(PRWEB) February 16, 2012
Chocolate, possessed of natural chemicals that unleash positive feelings in those who indulge, is in a class of potent love foods that bring extra meaning to the table this leap year, says Ecole Chocolat Lead Instructor Pam Williams.
“When it comes to marriage proposals, it's often the man who takes the initiative. But this is a leap year, and that brings up the ancient tradition of women doing the asking,” Williams says, adding: “Not that women need the calendar's permission to do so anymore – today's women take charge in any arena they want. But marriage proposals tend to follow more traditional models, so things are more relaxed this year.”
Leap year happens every four years, when an extra day is tacked on to the end of February to make up for six hours every year that our calendars aren't able to accommodate. It's a way of keeping the world's seasons from eventually spinning off track.
The tradition of women doing the proposing is thought to have started in fifth-century Ireland when St. Bridget complained to St. Patrick that too many men waited too long to propose marriage. Legend has it that St. Patrick agreed and said women could turn the tables on their reluctant men every four years on Feb. 29.
Combine this tradition with the feel-good substances found in chocolate, and you have a recipe for at least a lovely evening of romance. Chocolate brims with theobromine, a mood enhancer, as well as phenethylamine, which triggers the release of pleasure-inducing endorphins and activates dopamine, a neurochemical associated with sexual arousal and pleasure, according to John Robbins, best-selling author of several books on food and health.
So without further ado, here are some easy recipes from William's bottomless bag of chocolate goodies. “They're sure to win anyone's heart, whether there are wedding bells in the picture or not,” she says. One word of advice: “Use the best quality chocolate you can get your hands on. We've suggested several brands but any fine chocolate should work,” Williams says.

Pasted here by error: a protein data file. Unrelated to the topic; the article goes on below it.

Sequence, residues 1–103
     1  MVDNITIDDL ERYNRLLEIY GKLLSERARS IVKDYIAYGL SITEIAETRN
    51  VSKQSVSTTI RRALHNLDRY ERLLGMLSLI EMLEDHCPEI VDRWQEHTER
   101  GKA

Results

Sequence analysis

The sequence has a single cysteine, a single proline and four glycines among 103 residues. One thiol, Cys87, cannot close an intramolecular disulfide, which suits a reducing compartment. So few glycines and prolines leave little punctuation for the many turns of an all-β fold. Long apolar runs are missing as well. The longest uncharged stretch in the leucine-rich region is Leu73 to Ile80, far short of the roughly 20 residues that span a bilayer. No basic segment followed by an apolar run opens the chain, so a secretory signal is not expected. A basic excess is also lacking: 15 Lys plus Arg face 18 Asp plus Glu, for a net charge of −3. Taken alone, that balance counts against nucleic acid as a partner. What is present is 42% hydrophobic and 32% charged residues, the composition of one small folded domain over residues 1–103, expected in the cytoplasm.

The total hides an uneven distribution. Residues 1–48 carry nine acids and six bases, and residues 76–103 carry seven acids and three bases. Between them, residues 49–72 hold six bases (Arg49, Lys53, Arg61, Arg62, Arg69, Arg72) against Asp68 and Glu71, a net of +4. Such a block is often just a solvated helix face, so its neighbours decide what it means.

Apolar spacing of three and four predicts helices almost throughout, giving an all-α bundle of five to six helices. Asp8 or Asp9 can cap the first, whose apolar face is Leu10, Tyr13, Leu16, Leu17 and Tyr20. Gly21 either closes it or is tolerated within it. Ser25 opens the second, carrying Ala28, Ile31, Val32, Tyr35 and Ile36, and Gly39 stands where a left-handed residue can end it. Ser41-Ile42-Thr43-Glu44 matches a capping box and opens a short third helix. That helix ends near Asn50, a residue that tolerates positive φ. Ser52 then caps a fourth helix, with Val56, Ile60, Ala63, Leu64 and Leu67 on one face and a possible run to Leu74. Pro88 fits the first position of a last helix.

Scotch Lover's Chocolate Truffles
Notes: We used two 100g bars of 60% dark chocolate from Green & Black, but use any good chocolate that has 60% cocoa solids. We used the full amount of Scotch to get a stronger flavor, but it also made a softer truffle. Cut the cream by a tablespoon if you want a firmer truffle but more boozy flavor or just go with one tablespoon. If you prefer milk chocolate – which is also delicious with this – reduce the cream by a third. The recipe will work with other liquors or liqueurs.
Yield: Makes about 14 one-inch truffles
7 oz. (200g) dark chocolate (60%), chopped fine
1/3 cup (75ml) whipping cream (or 1 tbsp. and 2 tsps. if using milk chocolate)
1-2 tbsps. Scotch
About 1/2 cup (125g) finely grated chocolate for rolling the truffles and unsweetened cocoa for dusting hands.
Place finely chopped chocolate into a high-sided bowl or the bowl of a blender. Place cream in a saucepan over medium heat until hot but not simmering; remove the pan from the heat.